${\ displaystyle T \ left (N \ right) = 2T \ left (N / 2 \ right) + f (N)}$ The term describes the effort to multiply the results by a power of the unit root and to add the results. There are N pairs of numbers and adds N / 2 multiplied numbers with unit roots. Overall, f (N) is linearly bounded: ${\ displaystyle f (N)}$ ${\ displaystyle T \ left (N \ right) = 2T \ left (N / 2 \ right) + {\ mathcal {O}} \ left (N \ right)}$ With the master's theorem the running time is:

${\ displaystyle T \ left (N \ right) = {\ mathcal {O}} (N \ cdot \ log (N))}$ The structure of the data flow can be described by a butterfly graph , which defines the order of the calculation.

## Implementation as a recursive algorithm

The direct implementation of the FFT in pseudocode according to the above rule takes the form of a recursive algorithm :

• The field with the input values ​​is transferred as a parameter to a function that divides it into two half as long fields (one with the values ​​with an even index and one with the values ​​with an odd index).
• These two fields are now transferred to new instances of this function.
• At the end, each function returns the FFT of the field passed as a parameter. Before an instance of the function is terminated, these two FFTs are combined into a single FFT according to the formula shown above - and the result is returned to the caller.

This is now continued until the argument of a call to the function only consists of a single element (recursion termination): The FFT of a single value is (it has itself as a constant component, and no other frequencies) itself. The function that only receives a single value as a parameter, can therefore return the FFT of this value without any calculation - the function that called it combines the two FFTs, each 1 point long, that it receives back, the function that called it in turn, the two 2-point FFTs, and so on.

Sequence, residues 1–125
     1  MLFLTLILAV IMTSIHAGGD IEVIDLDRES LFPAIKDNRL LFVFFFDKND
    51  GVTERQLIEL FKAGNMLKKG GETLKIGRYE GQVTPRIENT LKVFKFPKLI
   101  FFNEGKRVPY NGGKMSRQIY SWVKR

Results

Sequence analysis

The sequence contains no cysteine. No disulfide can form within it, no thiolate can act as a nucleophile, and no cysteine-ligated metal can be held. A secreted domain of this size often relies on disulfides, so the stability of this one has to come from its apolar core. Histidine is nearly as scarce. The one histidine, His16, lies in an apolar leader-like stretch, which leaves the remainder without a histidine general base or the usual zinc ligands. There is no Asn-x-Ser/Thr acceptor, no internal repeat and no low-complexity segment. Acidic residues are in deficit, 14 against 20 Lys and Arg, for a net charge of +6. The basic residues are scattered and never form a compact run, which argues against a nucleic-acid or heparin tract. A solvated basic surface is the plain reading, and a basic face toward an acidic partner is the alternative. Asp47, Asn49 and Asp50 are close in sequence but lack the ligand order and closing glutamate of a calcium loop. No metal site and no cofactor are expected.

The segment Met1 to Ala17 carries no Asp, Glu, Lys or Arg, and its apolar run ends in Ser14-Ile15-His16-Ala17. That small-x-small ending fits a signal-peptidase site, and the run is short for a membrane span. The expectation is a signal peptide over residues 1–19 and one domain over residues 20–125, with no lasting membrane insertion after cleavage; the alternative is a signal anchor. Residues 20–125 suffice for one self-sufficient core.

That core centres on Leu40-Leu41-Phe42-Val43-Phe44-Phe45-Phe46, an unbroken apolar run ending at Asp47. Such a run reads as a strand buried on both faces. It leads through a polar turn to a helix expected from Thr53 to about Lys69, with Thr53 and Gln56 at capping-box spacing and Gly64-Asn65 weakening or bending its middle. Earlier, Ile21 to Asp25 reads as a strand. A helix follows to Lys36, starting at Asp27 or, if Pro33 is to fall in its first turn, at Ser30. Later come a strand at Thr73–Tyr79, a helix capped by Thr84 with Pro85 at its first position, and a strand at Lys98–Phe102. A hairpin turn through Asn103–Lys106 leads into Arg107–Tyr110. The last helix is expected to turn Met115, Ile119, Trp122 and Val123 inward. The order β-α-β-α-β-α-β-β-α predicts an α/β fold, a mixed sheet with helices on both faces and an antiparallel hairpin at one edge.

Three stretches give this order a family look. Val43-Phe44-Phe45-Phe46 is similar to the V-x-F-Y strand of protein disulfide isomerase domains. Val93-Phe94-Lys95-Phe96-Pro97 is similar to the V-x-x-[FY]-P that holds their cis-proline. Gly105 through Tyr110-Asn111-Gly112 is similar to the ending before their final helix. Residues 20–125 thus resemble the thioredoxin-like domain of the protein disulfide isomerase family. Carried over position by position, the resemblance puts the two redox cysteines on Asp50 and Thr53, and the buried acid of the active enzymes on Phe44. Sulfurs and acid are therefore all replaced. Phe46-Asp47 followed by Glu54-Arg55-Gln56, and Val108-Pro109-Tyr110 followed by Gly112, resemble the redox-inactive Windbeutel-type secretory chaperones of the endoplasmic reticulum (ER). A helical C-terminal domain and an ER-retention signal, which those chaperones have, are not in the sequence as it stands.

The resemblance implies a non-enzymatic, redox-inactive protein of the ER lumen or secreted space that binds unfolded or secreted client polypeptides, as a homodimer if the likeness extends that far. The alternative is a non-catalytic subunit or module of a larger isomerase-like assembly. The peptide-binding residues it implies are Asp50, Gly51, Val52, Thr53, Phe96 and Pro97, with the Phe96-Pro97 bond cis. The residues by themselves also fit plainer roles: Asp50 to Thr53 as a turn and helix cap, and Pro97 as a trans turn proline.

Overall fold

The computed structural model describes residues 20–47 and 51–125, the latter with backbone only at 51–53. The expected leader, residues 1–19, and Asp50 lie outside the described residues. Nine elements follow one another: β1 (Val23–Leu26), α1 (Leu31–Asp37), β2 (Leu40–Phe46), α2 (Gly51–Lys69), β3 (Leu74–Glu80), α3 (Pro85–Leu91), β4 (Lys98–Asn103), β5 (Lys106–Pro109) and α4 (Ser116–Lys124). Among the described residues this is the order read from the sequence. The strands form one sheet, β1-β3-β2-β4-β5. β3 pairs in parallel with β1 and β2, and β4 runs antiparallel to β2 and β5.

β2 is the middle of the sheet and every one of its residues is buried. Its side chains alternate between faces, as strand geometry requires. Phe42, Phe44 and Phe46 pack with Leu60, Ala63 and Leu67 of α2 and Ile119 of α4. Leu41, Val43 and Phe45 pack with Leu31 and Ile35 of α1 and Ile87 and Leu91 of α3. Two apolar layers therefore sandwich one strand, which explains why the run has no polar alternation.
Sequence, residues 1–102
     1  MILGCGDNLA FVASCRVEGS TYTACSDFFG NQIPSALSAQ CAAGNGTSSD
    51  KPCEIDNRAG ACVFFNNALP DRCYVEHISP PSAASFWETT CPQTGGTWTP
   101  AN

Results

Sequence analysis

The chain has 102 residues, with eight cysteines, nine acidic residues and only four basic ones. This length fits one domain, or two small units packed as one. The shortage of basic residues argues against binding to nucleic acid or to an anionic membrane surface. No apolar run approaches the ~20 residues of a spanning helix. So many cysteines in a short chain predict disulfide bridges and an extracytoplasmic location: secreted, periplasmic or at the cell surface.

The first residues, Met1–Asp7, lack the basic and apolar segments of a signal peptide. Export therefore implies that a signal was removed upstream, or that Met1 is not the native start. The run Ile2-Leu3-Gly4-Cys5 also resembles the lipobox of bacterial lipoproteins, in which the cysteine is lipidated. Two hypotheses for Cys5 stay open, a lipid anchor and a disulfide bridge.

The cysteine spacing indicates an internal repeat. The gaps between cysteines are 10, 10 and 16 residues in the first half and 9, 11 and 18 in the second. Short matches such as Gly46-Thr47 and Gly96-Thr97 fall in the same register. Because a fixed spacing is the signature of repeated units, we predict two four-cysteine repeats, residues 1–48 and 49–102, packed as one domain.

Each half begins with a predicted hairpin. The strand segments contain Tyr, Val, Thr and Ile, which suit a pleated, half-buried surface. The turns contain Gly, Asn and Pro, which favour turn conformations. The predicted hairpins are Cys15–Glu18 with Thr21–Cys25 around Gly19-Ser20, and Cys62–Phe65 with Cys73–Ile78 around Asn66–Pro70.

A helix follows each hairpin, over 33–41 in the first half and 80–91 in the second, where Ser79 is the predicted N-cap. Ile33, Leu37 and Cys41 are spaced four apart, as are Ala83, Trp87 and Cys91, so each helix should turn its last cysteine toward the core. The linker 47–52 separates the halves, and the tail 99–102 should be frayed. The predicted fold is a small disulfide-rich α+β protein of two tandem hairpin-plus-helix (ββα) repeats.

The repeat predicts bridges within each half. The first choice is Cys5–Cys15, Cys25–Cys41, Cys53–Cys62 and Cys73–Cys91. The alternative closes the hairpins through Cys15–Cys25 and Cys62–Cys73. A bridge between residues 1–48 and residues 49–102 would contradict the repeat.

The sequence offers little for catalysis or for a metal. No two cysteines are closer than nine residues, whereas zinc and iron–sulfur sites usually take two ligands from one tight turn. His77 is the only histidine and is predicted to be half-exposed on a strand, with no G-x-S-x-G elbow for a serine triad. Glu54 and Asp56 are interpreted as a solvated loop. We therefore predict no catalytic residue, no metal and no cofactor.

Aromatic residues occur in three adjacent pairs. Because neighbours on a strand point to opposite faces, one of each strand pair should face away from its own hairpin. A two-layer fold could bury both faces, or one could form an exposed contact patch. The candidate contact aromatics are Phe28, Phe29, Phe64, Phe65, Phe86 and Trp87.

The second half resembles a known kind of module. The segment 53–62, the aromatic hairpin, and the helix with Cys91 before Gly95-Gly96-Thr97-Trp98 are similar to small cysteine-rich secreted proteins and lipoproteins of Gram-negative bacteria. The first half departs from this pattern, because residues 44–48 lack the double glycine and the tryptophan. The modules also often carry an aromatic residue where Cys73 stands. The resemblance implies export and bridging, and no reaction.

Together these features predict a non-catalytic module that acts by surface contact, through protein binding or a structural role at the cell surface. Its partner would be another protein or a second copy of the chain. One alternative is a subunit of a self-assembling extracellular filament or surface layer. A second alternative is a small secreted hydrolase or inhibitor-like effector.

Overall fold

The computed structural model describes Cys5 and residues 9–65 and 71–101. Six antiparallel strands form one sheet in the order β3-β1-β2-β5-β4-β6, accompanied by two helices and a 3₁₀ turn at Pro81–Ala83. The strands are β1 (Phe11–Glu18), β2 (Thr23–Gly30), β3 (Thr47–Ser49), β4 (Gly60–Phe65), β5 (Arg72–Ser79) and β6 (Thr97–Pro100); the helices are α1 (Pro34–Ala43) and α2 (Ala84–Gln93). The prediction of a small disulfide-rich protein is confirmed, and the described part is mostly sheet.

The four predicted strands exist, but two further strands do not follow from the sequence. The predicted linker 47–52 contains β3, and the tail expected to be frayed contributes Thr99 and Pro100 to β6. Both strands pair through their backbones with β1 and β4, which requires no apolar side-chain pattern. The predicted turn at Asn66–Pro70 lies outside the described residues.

${\ displaystyle \ mathrm {function} \ \ operatorname {fft} (n, {\ vec {f}}):}$ ${\ displaystyle \ mathrm {if} \ (n = 1)}$ ${\ displaystyle \ mathrm {return} \ {\ vec {f}}}$ ${\ displaystyle \ mathrm {else} \}$ ${\ displaystyle {\ vec {g}} = \ operatorname {fft} \ left ({\ tfrac {n} {2}}, (f_ {0}, f_ {2}, \ ldots, f_ {n-2} ) \ right)}$ ${\ displaystyle {\ vec {u}} = \ operatorname {fft} \ left ({\ tfrac {n} {2}}, (f_ {1}, f_ {3}, \ ldots, f_ {n-1} ) \ right)}$ ${\ displaystyle \ mathrm {for} \ k = 0 \ \ mathrm {to} \ {\ tfrac {n} {2}} - 1}$ {\ displaystyle {\ begin {aligned} c_ {k} = g_ {k} + u_ {k} \ cdot e ^ {- 2 \ pi ik / n} \\ c_ {k + n / 2} = g_ {k } -u_ {k} \ cdot e ^ {- 2 \ pi ik / n} \ end {aligned}}} ${\ displaystyle \ mathrm {return} \ {\ vec {c}}}$ The speed advantage of the FFT compared to the DFT can be estimated well using this algorithm: